Compare any two graphics cards:
Radeon HD 4850 X2 1GB vs Radeon HD 5770
IntroThe Radeon HD 4850 X2 1GB comes with clock speeds of 625 MHz on the GPU, and 993 MHz on the 1024 MB of GDDR3 RAM. It features 800(160x5) SPUs as well as 40 TAUs and 16 Rasterization Operator Units.
Compare those specs to the Radeon HD 5770, which features a GPU core clock speed of 850 MHz, and 1024 MB of GDDR5 RAM running at 1200 MHz through a 128-bit bus. It also is made up of 800(160x5) SPUs, 40 Texture Address Units, and 16 Raster Operation Units.
Power Usage and Theoretical Benchmarks
Power Consumption (Max TDP)
The Radeon HD 4850 X2 1GB, in theory, should perform a lot faster than the Radeon HD 5770 in general. (explain)
Texel RateThe Radeon HD 4850 X2 1GB will be much (more or less 47%) better at texture filtering than the Radeon HD 5770. (explain)
Pixel RateThe Radeon HD 4850 X2 1GB should be a lot (more or less 47%) better at FSAA than the Radeon HD 5770, and also should be capable of handling higher resolutions better. (explain)
Please note that the above 'benchmarks' are all just theoretical - the results were calculated based on the card's specifications, and real-world performance may (and probably will) vary at least a bit.
One or more cards in this comparison are multi-core. This means that their bandwidth, texel and pixel rates are theoretically doubled - this does not mean the card will actually perform twice as fast, but only that it should in theory be able to. Actual game benchmarks will give a more accurate idea of what it's capable of.
Please note that the price comparisons are based on search keywords - sometimes it might show cards with very similar names that are not exactly the same as the one chosen in the comparison. We do try to filter out the wrong results as best we can, though.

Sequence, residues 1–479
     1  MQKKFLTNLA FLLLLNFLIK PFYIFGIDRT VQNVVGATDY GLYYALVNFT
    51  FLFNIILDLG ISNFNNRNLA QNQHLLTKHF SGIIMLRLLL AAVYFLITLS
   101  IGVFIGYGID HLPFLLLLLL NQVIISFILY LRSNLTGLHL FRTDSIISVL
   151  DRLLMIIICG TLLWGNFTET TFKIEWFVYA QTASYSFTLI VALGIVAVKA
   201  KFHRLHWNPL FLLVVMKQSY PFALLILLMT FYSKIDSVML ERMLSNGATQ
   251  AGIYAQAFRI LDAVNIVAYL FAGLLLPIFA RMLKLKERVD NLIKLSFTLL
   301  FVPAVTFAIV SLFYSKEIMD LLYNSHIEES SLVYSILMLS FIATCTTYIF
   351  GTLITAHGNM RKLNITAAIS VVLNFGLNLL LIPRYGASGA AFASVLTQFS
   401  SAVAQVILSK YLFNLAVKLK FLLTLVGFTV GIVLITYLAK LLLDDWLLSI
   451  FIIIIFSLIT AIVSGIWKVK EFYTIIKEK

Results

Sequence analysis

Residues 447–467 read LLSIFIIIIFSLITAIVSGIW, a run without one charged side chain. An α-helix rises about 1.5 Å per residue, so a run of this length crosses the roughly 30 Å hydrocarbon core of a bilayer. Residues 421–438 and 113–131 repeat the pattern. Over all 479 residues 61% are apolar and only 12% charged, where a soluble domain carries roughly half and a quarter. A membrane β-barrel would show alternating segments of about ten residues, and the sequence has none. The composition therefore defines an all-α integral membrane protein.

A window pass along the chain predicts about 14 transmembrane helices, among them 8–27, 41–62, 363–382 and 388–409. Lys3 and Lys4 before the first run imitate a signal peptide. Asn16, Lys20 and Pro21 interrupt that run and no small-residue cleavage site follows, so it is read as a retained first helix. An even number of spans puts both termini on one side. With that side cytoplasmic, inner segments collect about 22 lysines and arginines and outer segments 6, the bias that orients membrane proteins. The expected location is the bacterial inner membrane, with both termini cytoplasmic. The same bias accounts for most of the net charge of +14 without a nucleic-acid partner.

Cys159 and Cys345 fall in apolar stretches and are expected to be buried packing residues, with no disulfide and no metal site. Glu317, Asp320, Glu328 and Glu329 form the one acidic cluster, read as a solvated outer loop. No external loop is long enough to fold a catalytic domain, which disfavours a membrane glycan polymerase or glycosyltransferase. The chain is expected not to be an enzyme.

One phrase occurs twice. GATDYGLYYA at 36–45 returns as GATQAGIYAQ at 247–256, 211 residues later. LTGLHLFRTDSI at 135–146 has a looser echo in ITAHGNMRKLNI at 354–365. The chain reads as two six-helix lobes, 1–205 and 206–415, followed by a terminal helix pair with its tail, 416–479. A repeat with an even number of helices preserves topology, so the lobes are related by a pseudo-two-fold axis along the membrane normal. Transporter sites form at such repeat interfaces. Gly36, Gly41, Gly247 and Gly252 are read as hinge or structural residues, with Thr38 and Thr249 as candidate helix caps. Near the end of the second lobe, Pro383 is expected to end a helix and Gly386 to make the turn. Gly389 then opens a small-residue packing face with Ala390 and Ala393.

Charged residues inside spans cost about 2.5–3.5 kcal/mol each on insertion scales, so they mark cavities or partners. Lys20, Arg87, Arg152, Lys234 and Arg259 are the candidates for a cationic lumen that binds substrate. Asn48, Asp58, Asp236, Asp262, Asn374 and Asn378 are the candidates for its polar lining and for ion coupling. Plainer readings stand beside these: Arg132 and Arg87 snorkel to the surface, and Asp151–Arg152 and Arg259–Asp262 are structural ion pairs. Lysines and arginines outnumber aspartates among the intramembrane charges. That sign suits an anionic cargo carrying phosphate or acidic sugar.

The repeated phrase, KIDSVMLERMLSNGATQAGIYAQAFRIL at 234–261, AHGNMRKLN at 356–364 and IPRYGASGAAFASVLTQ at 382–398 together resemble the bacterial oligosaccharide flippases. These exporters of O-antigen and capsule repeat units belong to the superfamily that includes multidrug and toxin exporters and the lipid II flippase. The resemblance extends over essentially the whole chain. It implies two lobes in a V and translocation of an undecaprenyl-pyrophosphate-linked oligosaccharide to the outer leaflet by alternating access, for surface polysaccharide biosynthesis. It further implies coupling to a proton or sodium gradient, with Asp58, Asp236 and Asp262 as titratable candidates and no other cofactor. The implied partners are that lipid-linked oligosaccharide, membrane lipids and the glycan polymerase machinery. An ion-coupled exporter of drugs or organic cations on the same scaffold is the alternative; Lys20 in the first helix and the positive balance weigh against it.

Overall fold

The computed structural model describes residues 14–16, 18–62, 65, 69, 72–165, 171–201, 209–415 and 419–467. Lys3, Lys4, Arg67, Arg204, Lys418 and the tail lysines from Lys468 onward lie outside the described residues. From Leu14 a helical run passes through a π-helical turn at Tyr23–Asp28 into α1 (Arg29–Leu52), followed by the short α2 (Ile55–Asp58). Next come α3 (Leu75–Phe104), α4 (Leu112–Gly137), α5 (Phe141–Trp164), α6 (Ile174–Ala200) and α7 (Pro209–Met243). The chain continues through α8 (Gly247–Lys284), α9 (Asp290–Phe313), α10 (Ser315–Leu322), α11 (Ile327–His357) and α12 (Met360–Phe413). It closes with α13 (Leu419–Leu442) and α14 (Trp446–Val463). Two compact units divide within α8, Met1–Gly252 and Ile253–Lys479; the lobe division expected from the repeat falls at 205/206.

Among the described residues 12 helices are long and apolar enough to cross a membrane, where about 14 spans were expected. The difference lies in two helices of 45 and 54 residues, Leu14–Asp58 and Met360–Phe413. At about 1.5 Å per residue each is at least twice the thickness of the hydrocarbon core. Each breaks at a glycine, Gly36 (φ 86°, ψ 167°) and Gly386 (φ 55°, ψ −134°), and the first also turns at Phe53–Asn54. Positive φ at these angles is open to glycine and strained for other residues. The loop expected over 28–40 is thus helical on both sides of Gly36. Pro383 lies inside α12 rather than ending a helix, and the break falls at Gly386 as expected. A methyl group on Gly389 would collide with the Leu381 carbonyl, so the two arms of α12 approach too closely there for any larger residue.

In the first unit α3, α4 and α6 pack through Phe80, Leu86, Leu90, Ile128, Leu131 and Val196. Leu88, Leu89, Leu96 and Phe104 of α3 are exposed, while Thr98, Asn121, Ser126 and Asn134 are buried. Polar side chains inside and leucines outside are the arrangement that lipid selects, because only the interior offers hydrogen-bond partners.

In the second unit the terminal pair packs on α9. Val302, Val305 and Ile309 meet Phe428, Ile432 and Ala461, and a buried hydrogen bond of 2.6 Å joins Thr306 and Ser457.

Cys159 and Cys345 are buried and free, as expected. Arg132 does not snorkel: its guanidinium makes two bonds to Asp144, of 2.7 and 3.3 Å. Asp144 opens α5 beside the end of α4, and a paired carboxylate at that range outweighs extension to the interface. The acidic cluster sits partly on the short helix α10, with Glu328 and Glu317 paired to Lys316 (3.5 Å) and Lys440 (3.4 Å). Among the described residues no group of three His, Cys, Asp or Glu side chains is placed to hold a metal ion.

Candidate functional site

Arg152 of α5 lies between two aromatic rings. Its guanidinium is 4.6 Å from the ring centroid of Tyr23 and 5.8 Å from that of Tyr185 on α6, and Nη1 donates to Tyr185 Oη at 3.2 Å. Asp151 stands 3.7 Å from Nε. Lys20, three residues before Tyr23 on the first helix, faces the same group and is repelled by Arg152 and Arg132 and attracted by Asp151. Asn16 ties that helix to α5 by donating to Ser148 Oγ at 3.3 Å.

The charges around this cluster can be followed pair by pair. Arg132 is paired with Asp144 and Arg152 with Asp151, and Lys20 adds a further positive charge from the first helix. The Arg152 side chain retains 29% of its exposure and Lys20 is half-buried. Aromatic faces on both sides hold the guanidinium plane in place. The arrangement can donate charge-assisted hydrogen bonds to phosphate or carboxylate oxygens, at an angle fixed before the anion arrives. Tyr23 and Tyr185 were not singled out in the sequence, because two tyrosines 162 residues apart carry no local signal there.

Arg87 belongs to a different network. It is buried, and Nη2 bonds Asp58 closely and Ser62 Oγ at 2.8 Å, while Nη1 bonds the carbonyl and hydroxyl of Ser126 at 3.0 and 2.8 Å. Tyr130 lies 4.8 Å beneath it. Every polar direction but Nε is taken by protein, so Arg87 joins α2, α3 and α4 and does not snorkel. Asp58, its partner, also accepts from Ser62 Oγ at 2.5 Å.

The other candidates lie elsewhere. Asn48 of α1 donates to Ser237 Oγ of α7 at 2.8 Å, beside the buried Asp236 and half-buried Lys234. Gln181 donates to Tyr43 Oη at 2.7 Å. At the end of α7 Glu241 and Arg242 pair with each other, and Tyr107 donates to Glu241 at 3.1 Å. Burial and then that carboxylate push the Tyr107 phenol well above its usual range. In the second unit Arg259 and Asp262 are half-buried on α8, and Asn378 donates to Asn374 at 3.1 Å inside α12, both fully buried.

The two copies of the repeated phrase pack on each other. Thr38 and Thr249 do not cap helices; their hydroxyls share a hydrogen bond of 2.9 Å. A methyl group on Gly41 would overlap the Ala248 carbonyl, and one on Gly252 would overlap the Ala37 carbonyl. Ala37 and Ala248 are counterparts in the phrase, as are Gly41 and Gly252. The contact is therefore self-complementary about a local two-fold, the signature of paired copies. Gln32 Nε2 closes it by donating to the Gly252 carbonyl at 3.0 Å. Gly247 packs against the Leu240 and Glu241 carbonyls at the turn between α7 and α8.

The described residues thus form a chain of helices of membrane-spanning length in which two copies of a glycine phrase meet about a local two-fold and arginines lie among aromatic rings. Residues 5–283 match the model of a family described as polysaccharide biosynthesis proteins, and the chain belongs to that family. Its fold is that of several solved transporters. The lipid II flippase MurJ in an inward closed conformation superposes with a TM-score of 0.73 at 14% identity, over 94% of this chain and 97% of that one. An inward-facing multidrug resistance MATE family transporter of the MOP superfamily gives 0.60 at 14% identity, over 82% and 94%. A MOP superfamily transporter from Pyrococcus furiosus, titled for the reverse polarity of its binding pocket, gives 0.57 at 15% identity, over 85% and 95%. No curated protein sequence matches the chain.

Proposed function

Memory Bandwidth: Bandwidth is the maximum amount of information (counted in MB per second) that can be transferred over the external memory interface in a second. The number is calculated by multiplying the card's bus width by the speed of its memory. If it uses DDR RAM, it should be multiplied by 2 once again. If DDR5, multiply by 4 instead. The better the memory bandwidth, the faster the card will be in general. It especially helps with AA, High Dynamic Range and higher screen resolutions.
Texel Rate: Texel rate is the maximum amount of texture map elements (texels) that can be processed in one second. This number is worked out by multiplying the total texture units by the core clock speed of the chip. The better the texel rate, the better the card will be at texture filtering (anisotropic filtering - AF). It is measured in millions of texels processed in a second.
Pixel Rate: Pixel rate is the maximum number of pixels that the graphics card can possibly write to its local memory in one second - measured in millions of pixels per second. Pixel rate is calculated by multiplying the number of colour ROPs by the the card's clock speed. ROPs (Raster Operations Pipelines - also sometimes called Render Output Units) are responsible for filling the screen with pixels (the image). The actual pixel output rate is also dependant on lots of other factors, especially the memory bandwidth of the card - the lower the bandwidth is, the lower the potential to reach the max fill rate.